- Sharing highs and lows. For adults, journaling is a great way to process the frustrations of the day and let go of them as preparation for sleep. But for your child, writing may be too difficult or distracting to be a useful sleep aid. Instead, try a family sharing of “highs and lows” from the day. Give each person in your family (yourself included) a chance to share the best moment of the day and the worst. Put this early in your bedtime routine, since the memories can be energizing or angering, but scheduling time to process and let go of the day’s events before you start relaxing for sleep can be a powerful element of your child’s bedtime routine.
- Epsom salt bath. You probably know a warm bath can help settle your child before bed, but have you tried adding a scoop of epsom salt to the water? An epsom salt bath can help even more with sleep than just a warm bath. The secret is magnesium, which is included in epsom salt and absorbed through the skin when your child bathes. Magnesium helps the brain better regulate sleep, and there’s evidence that optimal levels of magnesium (neither too much nor too little) improves sleep. A bath is the best way to give your child the perfect dose of magnesium, since he’ll only absorb as much as his body needs.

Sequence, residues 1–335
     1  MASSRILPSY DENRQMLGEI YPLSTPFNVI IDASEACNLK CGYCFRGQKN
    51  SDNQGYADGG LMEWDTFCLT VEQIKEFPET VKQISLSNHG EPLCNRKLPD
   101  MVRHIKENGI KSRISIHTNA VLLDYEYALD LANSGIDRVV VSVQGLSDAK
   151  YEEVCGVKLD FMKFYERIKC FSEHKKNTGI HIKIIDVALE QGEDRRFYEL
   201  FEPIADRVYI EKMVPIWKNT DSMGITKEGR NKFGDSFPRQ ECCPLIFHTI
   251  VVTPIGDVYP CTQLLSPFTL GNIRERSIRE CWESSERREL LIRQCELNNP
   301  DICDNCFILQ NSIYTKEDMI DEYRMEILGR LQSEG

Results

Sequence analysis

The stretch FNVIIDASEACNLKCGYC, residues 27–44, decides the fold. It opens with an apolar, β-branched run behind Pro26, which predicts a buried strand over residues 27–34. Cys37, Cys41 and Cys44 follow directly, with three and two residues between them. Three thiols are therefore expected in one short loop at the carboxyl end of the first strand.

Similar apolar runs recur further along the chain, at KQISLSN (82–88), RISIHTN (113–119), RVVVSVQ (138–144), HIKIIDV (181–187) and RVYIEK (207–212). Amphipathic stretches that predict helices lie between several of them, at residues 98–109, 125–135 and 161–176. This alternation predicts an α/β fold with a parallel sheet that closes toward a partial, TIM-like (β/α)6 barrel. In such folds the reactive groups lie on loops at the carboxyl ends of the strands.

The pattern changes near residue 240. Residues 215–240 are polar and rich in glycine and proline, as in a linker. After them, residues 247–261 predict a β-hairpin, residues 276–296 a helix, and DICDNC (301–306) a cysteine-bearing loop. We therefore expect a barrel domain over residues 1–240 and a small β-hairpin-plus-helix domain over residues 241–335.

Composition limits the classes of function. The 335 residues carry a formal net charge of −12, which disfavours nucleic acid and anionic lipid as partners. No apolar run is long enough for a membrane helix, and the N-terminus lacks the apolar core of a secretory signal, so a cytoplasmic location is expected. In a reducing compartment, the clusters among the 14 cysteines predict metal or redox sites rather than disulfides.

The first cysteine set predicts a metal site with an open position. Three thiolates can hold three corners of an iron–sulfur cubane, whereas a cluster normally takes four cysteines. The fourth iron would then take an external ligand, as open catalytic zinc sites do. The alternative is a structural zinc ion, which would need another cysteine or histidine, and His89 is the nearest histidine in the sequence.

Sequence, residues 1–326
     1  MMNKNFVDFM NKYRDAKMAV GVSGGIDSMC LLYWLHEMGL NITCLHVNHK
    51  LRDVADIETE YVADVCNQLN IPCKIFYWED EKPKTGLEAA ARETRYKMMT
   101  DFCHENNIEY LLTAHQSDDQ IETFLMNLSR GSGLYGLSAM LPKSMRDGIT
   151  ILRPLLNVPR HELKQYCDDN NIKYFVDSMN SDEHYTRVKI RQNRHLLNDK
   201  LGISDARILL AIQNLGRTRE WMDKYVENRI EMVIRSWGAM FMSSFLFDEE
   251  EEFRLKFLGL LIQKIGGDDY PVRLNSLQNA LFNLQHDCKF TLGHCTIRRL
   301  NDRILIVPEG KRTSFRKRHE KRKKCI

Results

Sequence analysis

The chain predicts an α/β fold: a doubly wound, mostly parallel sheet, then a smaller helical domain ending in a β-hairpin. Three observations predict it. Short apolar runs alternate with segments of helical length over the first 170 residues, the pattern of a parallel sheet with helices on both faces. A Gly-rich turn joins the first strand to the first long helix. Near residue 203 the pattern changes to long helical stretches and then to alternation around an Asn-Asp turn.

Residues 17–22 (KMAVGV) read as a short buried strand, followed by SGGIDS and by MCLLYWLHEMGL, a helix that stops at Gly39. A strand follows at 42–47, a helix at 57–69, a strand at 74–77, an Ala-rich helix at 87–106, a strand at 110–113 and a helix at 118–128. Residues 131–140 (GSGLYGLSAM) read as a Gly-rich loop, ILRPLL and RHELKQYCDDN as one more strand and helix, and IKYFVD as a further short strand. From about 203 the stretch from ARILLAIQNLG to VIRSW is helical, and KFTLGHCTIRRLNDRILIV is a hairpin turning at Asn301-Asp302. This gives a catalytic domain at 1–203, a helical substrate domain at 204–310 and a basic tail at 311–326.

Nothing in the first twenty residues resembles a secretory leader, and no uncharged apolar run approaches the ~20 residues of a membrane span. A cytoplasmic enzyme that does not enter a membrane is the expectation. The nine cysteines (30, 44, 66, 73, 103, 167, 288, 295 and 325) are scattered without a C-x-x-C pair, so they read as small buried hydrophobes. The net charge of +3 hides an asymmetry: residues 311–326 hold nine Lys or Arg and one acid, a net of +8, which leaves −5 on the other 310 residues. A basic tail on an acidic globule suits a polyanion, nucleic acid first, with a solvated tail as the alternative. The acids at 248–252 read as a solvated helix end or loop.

- Yoga. Many adults have found that yoga improves sleep, and there’s every reason to believe the benefits extend to kids too. Deep breathing and relaxation will both help your child transition toward sleep, and yoga is easy for kids to learn. Try child’s pose, legs against the wall, and supine spinal twist to help your child stretch, relax, and get ready for bed.
- Meditation. Meditation is also proven to improve sleep for adults, along with a variety of other health benefits. And it’s easy to teach to kids; the key is to help them understand that it’s okay if your mind wanders. Meditation is about getting quiet and relaxed and then letting thoughts pass over you instead of letting your thoughts control how you feel. Meditating with your child is a wonderful way for you both to relax before bed. You’ll be teaching your child a lifelong health habit - and you’ll enjoy the minutes of quiet together, too!
- Lavender oil. Can smells help you sleep? Several studies indicate that sniffing lavender before bed can lower your heart rate and send both adults and children into deeper sleep. Try adding a few drops of lavender essential oil in your child’s bath, or put a few drops on his feet or pillow.
- Audiobooks. If your child is always begging you to read one more story, audiobooks could be the secret sauce that transforms bedtime. You can find a lot of free audiobooks available online, or you can sign up for a storytime podcast for kids and get new stories every week. Just make sure you don’t use a screened device to play audiobooks in bed; get an audiobook player without a screen, or download the stories and use an old-fashioned CD.
- Enforcing lights out. As your child gets older, you’ve given him more freedom with a lot of things in his life. But if bedtime lights-out is one of the rules you’ve gotten a little lax about, consider enforcing it more strictly. Just encouraging your child to go to sleep is less effective than a bedtime that’s strictly enforced. And while nobody wants to play bad cop, you’ll be glad you did when your child wakes up in the morning well-rested and happy.